Research Papers:

Galectin-7 is epigenetically-regulated tumor suppressor in gastric cancer

Seok-Jun Kim, Jung-Ah Hwang, Jae Y. Ro, Yeon-Su Lee and Kyung-Hee Chun _

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Oncotarget. 2013; 4:1461-1471. https://doi.org/10.18632/oncotarget.1219

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Seok-Jun Kim1, Jung-Ah Hwang2, Jae Y. Ro3, Yeon-Su Lee2, and Kyung-Hee Chun1

1 Department of Biochemistry & Molecular Biology, Yonsei University College of Medicine, 50 Yonsei-ro, Seodaemun-gu, Seoul, Republic of Korea.

2 Cancer Genomics Branch, Division of Fusion Technology, National Cancer Center, 323 Ilsan-ro, Ilsandong-gu, Goyang-si, Gyeonggi-do, Republic of Korea.

3 The Methodist Hospital, Department of Pathology and Genomic Medicine, Weill Medical College of Cornell University, Houston, TX, USA.


Kyung-Hee Chun, email:

Keywords: Galectin-7, Gastric cancer, DNA hypermethylation, Epigenetic mechanisms.

Received: July 30, 2013 Accepted: August 18, 2013 Published: August 20, 2013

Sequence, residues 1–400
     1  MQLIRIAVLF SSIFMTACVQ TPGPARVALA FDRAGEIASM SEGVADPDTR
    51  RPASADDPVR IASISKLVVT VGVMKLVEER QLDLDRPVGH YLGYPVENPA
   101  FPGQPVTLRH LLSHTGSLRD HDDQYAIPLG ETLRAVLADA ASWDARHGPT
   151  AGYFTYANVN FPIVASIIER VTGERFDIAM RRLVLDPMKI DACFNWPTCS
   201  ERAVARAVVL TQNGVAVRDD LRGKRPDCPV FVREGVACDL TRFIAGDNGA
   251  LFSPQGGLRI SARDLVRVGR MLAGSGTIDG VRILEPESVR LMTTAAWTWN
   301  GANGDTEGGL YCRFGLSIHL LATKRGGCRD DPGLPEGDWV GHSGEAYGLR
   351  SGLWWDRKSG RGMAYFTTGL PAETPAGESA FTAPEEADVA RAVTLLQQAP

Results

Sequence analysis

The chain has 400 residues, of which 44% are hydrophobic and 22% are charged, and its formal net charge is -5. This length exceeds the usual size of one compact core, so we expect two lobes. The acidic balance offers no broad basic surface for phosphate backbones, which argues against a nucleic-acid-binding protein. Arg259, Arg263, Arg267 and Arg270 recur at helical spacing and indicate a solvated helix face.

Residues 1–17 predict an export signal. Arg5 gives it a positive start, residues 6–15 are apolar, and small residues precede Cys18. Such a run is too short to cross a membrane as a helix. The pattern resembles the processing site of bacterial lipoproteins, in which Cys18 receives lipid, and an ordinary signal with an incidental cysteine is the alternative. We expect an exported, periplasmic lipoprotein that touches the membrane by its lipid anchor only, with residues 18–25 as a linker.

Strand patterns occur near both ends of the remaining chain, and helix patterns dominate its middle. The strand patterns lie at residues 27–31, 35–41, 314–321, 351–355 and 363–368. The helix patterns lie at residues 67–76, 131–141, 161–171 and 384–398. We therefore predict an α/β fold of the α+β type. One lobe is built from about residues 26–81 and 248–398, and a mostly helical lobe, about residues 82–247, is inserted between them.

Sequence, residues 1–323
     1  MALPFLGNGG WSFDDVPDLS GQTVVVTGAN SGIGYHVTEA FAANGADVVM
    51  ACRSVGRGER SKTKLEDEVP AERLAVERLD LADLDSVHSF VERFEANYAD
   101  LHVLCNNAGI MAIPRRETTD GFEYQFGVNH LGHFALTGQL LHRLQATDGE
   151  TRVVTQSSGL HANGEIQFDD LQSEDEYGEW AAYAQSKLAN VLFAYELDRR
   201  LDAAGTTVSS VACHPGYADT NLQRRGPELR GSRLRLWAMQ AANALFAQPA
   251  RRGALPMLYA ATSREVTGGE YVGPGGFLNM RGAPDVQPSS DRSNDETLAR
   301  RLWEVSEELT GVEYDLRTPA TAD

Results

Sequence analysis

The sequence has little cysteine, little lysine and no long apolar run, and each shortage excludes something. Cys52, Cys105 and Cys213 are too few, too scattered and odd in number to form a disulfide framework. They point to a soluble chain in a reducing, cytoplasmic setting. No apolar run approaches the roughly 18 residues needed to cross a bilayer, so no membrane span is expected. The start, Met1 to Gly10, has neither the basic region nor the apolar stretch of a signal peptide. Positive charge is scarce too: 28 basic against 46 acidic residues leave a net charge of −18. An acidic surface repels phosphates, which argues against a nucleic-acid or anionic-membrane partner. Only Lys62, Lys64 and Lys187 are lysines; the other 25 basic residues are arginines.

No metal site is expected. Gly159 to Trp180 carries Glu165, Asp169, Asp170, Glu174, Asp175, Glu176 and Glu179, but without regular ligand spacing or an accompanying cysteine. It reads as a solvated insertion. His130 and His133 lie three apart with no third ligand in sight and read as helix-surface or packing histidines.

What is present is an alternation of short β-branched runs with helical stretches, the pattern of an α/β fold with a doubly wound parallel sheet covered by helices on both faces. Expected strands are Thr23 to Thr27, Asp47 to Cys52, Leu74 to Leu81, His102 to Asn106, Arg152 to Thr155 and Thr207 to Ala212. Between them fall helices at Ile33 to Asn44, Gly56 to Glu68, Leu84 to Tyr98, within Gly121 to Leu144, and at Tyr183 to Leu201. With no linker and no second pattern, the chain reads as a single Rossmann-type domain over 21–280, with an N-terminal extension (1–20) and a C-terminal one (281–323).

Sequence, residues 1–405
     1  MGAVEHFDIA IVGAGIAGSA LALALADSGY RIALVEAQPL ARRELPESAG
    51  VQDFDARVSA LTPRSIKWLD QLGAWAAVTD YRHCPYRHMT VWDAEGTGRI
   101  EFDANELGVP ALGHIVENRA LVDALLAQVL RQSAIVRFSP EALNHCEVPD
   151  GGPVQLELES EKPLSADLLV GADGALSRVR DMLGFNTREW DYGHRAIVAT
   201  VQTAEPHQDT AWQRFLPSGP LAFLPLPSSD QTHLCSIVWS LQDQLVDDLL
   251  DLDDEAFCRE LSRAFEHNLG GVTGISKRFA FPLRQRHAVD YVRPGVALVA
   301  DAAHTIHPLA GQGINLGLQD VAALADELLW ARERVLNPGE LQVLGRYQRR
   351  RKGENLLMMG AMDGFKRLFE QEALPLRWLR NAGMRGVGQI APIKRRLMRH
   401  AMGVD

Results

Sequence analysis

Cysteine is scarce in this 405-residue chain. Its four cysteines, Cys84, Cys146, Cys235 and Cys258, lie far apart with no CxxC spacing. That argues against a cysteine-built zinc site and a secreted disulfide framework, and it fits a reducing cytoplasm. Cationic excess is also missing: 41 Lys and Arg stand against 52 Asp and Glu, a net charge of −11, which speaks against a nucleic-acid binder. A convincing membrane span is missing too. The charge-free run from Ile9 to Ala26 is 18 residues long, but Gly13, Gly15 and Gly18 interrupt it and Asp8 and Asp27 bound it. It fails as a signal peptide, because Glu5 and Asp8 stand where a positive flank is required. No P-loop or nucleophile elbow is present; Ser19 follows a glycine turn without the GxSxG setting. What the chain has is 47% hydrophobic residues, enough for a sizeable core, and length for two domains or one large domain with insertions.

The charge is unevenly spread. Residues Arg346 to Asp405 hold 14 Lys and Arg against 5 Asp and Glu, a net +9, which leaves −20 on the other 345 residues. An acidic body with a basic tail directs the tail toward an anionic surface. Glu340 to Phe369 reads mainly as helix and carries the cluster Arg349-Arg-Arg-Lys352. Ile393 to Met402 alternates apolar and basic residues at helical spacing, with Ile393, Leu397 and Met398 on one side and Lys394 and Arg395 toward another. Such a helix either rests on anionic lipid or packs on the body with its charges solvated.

Gastric cancer is the second leading cause of cancer death and remains a major clinical challenge due to poor prognosis and limited treatment options. Therefore, the basic mechanisms underlying gastric tumorigenesis deserve investigation. Although regulation of the galactoside-binding lectin galectin-7 in cancer has been studied, its role in tumor formation and progression remains controversial. In this study, we investigated galectin-7 expression and its role in gastric cancer. Immunohistochemical staining using a tissue microarray of gastric cancer patients revealed significantly low expression levels of galectin-7 in malignant tissues compared with matched normal tissues, and decreased expression of galectin-7 in malignant tissues was associated with advanced TMN stage disease (p=0.034). Importantly, low expression of galectin-7 in normal tissues was associated with a poor survival rate (p=0.0561). Over-expression of galectin-7 in AGS gastric adenocarcinoma cells suppressed cell proliferation, migration, and invasion, whereas ablation of galectin-7 in KATO III gastric carcinoma cells reversed these properties. AGS cells that overexpressed galectin-7 could not form gastric tumors in xenografted mice. More than 70% hypermethylation was observed in 7 of 9 gastric cancer cell lines tested and 5-aza-cytidine treatment lowered galectin-7 expression by reducing methylation in 24 cancer cell lines from five different organ origins. We analyzed CpG islands in the galectin-7 genomic region and detected hypermethylation at +1566bp of exon 2, the predicted p53 binding region. DNA hypermethylation of this region was also detected in gastric cancer tissues from 20 patients. Taken together, our data indicate that galectin-7 has a tumor suppressive function, and that the gene is epigenetically modified by DNA methylation and significantly down-regulated in gastric cancer. Further study of galectin-7 regulation may lead to improved gastric cancer diagnosis and therapy.

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